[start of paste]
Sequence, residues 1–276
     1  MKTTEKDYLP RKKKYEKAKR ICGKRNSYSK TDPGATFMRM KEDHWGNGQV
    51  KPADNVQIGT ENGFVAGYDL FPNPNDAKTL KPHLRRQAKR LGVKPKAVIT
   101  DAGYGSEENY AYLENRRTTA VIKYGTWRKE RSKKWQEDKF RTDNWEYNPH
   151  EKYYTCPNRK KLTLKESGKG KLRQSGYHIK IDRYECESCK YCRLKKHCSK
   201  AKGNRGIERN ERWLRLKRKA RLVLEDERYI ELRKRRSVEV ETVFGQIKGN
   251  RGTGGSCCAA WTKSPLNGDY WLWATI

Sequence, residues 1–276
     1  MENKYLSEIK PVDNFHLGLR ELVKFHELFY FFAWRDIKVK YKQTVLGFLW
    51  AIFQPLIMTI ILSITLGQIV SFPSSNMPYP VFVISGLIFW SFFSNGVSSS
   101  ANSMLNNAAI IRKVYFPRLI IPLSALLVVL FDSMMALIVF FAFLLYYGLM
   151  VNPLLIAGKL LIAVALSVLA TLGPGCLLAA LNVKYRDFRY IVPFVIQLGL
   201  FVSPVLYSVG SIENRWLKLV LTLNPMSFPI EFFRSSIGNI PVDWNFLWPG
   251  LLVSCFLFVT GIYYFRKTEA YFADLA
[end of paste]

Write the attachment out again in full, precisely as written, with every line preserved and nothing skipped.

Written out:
Sequence, residues 1–276
     1  MKTTEKDYLP RKKKYEKAKR ICGKRNSYSK TDPGATFMRM KEDHWGNGQV
    51  KPADNVQIGT ENGFVAGYDL FPNPNDAKTL KPHLRRQAKR LGVKPKAVIT
   101  DAGYGSEENY AYLENRRTTA VIKYGTWRKE RSKKWQEDKF RTDNWEYNPH
   151  EKYYTCPNRK KLTLKESGKG KLRQSGYHIK IDRYECESCK YCRLKKHCSK
   201  AKGNRGIERN ERWLRLKRKA RLVLEDERYI ELRKRRSVEV ETVFGQIKGN
   251  RGTGGSCCAA WTKSPLNGDY WLWATI

Sequence, residues 1–276
     1  MENKYLSEIK PVDNFHLGLR ELVKFHELFY FFAWRDIKVK YKQTVLGFLW
    51  AIFQPLIMTI ILSITLGQIV SFPSSNMPYP VFVISGLIFW SFFSNGVSSS
   101  ANSMLNNAAI IRKVYFPRLI IPLSALLVVL FDSMMALIVF FAFLLYYGLM
   151  VNPLLIAGKL LIAVALSVLA TLGPGCLLAA LNVKYRDFRY IVPFVIQLGL
   201  FVSPVLYSVG SIENRWLKLV LTLNPMSFPI EFFRSSIGNI PVDWNFLWPG
   251  LLVSCFLFVT GIYYFRKTEA YFADLA